“Renewables are also cheap now, and batteries are getting cheaper so fast,” said Dr. Michael Roberts, a professor at the Department of Economics, University of Hawaiʻi Economic Research Organization (UHERO), and coastal sustainability faculty with the University of Hawaiʻi Sea Grant College Program. “You can save money by installing a bunch of solar and batteries.”
Roberts, who runs a renewable energy research and outreach program, did just that in late 2015. He installed ten solar panels on his roof, adding to energy-efficient lighting and appliances and a solar heater he already had in his East Honolulu home. The solar photovoltaic (PV) panels convert sunlight to electricity in direct current (DC) and an inverter changes this to alternating current (AC), the most commonly used form of electricity. The solar setup paid for itself in three years and the solar water heater in about 18 months.
Because his home is grandfathered into a net metering agreement (NEM) with HECO, Roberts’ solar panels can generate power during the day, and he gets kilowatt-hours credited to his account to be used at night or anytime his family needs them.
“So, no battery,” Roberts said. The electric grid serves as his battery or backup. If his solar panels don’t generate enough power for his home after several days of overcast skies, he can receive or buy electricity from HECO.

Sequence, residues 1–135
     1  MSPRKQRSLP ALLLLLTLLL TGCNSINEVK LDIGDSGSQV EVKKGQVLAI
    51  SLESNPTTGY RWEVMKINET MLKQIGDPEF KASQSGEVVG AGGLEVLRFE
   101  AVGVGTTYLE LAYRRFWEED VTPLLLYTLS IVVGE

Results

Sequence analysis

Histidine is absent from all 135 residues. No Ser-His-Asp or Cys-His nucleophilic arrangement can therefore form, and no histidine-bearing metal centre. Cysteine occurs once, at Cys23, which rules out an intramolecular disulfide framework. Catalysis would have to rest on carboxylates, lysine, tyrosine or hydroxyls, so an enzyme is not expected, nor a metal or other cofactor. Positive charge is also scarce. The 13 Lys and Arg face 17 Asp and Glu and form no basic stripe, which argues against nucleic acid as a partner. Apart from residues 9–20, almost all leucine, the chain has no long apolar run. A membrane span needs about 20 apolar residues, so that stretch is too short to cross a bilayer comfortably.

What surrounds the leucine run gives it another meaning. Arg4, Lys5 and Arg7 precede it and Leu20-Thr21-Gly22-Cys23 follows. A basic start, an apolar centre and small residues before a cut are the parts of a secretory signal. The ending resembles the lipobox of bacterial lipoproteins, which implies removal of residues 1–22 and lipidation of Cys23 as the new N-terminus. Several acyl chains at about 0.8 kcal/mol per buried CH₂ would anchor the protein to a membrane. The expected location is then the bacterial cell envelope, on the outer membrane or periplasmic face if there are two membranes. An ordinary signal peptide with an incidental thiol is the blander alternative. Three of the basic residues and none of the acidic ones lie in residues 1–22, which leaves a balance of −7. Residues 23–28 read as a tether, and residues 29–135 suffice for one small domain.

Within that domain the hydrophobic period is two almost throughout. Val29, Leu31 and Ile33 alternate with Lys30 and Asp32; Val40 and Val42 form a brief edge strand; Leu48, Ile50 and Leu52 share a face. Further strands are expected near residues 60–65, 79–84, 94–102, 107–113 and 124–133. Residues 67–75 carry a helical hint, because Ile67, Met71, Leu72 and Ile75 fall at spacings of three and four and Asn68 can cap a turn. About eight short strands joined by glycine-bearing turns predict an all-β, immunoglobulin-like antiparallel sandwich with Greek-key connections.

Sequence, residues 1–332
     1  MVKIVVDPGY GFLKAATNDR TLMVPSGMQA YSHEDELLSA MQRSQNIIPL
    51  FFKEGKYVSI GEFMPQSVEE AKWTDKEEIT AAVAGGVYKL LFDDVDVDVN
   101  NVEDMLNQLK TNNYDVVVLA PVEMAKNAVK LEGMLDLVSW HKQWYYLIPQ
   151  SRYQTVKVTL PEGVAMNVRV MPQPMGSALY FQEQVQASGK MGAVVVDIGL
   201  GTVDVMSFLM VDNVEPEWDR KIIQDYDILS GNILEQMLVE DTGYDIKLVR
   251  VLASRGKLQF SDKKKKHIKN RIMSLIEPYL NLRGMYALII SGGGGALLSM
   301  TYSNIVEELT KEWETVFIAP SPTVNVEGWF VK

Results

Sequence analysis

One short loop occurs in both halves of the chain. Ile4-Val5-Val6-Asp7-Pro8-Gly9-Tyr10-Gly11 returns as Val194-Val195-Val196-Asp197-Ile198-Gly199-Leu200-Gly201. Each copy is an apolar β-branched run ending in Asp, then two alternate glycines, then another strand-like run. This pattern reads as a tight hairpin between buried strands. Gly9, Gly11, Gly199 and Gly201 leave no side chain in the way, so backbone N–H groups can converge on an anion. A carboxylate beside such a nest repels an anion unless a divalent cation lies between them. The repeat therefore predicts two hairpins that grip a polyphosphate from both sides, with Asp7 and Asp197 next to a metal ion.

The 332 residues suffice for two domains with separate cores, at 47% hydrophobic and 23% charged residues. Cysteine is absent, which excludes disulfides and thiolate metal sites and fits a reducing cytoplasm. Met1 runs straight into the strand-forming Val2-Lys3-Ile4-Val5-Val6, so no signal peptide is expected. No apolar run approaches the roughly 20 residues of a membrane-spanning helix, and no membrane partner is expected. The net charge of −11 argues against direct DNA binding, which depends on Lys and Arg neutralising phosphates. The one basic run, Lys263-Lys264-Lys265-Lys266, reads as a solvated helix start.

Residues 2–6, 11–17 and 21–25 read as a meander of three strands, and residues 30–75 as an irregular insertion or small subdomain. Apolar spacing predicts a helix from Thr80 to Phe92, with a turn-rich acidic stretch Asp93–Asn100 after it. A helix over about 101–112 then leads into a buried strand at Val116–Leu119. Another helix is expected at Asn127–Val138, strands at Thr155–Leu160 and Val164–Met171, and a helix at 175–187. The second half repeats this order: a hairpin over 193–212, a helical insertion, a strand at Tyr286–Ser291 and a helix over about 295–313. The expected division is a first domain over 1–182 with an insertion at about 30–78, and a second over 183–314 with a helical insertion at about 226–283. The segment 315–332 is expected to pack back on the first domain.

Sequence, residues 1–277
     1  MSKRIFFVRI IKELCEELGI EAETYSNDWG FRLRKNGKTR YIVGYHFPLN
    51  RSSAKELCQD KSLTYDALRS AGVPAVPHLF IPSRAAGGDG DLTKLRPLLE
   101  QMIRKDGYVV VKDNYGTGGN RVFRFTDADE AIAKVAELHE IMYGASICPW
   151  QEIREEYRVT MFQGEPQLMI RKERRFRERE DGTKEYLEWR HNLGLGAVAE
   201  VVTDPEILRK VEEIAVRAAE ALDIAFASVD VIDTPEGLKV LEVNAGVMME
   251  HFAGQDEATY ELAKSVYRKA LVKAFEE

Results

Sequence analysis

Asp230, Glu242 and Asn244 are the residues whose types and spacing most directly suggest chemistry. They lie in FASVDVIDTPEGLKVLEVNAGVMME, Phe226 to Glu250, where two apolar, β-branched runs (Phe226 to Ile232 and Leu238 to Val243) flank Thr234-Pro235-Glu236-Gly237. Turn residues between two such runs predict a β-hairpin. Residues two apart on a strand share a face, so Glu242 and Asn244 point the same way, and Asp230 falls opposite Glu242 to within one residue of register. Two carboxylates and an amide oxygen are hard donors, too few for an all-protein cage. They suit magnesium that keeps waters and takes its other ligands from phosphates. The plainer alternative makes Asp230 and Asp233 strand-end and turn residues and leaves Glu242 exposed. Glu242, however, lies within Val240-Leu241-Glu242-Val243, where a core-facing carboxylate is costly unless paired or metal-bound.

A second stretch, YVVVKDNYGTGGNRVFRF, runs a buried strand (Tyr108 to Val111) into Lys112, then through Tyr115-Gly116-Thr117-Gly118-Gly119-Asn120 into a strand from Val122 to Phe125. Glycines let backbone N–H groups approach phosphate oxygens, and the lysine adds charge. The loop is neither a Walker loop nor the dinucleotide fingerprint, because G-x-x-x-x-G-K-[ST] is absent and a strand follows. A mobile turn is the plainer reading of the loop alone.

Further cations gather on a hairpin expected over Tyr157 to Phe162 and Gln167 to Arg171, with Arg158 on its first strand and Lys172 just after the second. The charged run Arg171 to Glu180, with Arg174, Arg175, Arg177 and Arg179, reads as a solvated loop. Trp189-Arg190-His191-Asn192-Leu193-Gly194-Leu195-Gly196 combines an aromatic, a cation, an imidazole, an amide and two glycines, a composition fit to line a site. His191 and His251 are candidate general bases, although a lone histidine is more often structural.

Energy storage is important in the world of renewable energy, particularly energy that is around intermittently like sunlight, wind, the tides, and waves. Roberts’ on-grid home doesn’t need a battery, but off-grid homes do, so they can use stored energy in the evenings when there is no sunlight.
Power plants also need to store energy to manage fluctuating electricity demands. For example, in pre-pandemic times, electricity use would peak when people arrived home from work and kids from school. Stored energy helps fulfill these sudden demands.
When Hawaiʻi achieves 100 percent clean energy, it will have to be ready to store enough energy from intermittent renewables to serve these peak loads. “One scary situation is when everyone has their electric vehicle, and they come home and plug it in at the same time,” said Roberts. That’s a big draw of electricity and will test an unprepared system.
Roberts’ home solar setup is considered small-scale solar in industry parlance. Solar panels on a Honolulu hotel are also considered small-scale. It’s those fields of solar panels generating more than 4 megawatts that are called utility scale, and they typically feed power directly to the grid. Utility-scale solar farms usually involve a Power Purchase Agreement that sells power to an electric company, which then distributes the electricity to its customers.
Hawai‘i’s renewable energy profile is dominated by small-scale solar. When the Hawai‘i clean energy target was announced in 2015, the state drew only 0.5 percent of its electricity from solar; wind energy from wind turbines was the leading renewable at 6.1 percent.
By 2019, wind had dropped to 4.9 percent and solar jumped to 10.2 percent for small-scale, and 2.5 percent for utility-scale. Biomass, or burning plants, farming or forestry waste for energy was at 2.7 percent. And hydroelectric, which uses water stored in dams or flowing in rivers to create electricity, was at 0.9 percent.